Malapportionment is the practice, existing well into the twentieth century, in so called ‘liberal democracies’ where electoral districts, even though still sending the same number of representatives to parliament/congress, comprise quite different numbers of voters.
“All states other than Tasmania have, at some stage, utilised electoral zones that have been allocated different enrolment quotas so that seats in one part of the state contained fewer voters than those in other parts…”1
Malapportionment was more prevalent in the rural states of Western Australia, Queensland and South Australia where the excuse was that large sparsely populated areas were too much for just one representative to adequately cover. By 1968 in South Australia it reached surprising proportions whereby the average rural electorate had only a third of the population of the average metropolitan electorate. The most extreme example was where the largest city electorate sent the same number of MPs to State Parliament as seven rural electorates.2
The Supreme Court case of Reynolds v Sims 377 U.S. 533(1964) ruled that districts of state legislatures had to be approximately equal in population.3 Until that time numerous states had engaged in varying degrees of malapportionment that would even make the Electoral Commissions of South Australia blush.
- In the Connecticut General Assembly, one House district had 191 people; another, 81,000 (424 times more).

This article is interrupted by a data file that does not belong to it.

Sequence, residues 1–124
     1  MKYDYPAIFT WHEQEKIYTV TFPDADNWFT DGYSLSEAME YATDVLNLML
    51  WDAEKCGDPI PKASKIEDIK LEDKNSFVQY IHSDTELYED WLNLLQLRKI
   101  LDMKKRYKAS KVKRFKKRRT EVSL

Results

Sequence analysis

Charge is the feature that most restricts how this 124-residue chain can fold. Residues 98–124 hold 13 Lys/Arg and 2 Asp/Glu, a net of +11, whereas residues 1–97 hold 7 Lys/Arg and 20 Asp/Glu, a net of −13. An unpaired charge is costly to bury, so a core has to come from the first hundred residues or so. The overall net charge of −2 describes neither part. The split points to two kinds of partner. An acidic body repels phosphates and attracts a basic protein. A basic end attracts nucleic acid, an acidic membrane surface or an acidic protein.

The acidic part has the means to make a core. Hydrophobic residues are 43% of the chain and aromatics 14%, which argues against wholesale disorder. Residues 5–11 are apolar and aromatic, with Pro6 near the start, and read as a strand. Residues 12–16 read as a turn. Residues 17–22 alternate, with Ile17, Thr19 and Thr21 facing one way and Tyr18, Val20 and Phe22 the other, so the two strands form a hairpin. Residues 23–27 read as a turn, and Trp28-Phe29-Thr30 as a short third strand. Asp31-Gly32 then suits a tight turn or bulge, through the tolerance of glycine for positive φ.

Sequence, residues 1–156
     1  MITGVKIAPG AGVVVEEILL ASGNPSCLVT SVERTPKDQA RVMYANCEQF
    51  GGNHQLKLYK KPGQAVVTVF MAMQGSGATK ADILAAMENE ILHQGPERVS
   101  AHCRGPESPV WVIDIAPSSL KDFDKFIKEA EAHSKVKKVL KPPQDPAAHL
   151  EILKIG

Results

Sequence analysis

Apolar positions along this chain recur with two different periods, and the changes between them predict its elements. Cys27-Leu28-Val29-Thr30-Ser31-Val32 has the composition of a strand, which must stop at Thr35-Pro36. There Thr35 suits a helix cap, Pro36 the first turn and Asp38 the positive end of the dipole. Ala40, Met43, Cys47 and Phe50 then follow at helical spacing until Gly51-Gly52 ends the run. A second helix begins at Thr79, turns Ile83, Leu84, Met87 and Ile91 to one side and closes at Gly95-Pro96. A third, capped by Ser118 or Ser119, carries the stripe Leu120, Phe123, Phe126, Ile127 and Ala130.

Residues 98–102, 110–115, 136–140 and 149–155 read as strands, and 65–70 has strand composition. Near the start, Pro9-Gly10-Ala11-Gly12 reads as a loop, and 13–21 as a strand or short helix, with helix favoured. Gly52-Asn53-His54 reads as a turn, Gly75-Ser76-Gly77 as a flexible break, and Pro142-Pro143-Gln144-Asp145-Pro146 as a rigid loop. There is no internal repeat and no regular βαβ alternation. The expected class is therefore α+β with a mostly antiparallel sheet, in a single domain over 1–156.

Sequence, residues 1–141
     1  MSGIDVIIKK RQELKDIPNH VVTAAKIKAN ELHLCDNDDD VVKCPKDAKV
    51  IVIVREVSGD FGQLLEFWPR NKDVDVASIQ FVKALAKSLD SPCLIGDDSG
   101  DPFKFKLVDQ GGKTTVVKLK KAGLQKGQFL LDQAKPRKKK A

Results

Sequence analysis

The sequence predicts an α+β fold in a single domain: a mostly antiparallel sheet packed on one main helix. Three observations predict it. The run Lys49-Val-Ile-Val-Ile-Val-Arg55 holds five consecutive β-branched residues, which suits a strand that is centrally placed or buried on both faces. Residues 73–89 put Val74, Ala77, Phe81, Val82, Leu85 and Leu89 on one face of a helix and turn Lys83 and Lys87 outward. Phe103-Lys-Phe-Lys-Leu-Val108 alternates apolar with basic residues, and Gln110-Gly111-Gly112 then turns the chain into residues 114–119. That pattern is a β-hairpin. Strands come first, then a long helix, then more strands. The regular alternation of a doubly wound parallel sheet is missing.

- In the New Hampshire General Court, one township with three people had a Representative in the lower house; this was the same representation given another district with a population of 3,244. The vote of a resident of the first township was therefore 1,081 times more powerful at the Capitol.
- In the Utah State Legislature, the smallest district had 165 people, the largest 32,380 (196 times the population of the other).
- In the Vermont General Assembly, the smallest district had 36 people, the largest 35,000, a ratio of almost 1,000 to 1.
- Los Angeles County, California, with 6 million people, had one member in the California State Senate, as did the 14,000 people of one rural county (428 times more).
- In the Idaho Legislature, the smallest Senate district had 951 people; the largest, 93,400 (97 times more).
- In the Nevada Senate, 17 members represented as many as 127,000 or as few as 568 people, a ratio of 224 to 1.
In the twenty first century the principle of one person one value still has not been fully endorsed in either Australia or the UK.
- In Western Australia one specific state metropolitan electorate has four times as many voters as the smallest rural seat.
- Two of the largest Federal House of Representatives seats, Fraser (111,309)and Canberra (104,222) have more than twice as many voters as the two smallest seats, Soloman (49,912) and Lingiari (45,234)5.
- In the UK reform still seems decades away.
- Quoting The Australian newspaper from the 9th April 2010, some seats have more than twice the voters as certain other seats and “the average seat in England, where the Tories are the strongest party, has 73,212 voters while the average seat in Labour-dominated Wales has just 56,531 voters, making it easier for Labour to win more seats.”6
1. Parkin, Summers and Woodward, Government, Politics, Power and Policy in Australia, Longman, Melbourne, 1996, p192.
2. Jaensch, D and Teichmann, M, ‘Malapportionment’, The MacMillan Dictionary of Australian Politics, Melbourne, 1992.
5. Australian Electoral Commission http://www.aec.gov.au/profiles/index.htm
6. Peter Wilson, “British Politicians Look for Ideas Down Under to Come Out on Top”, The Australian, April 9th 2010.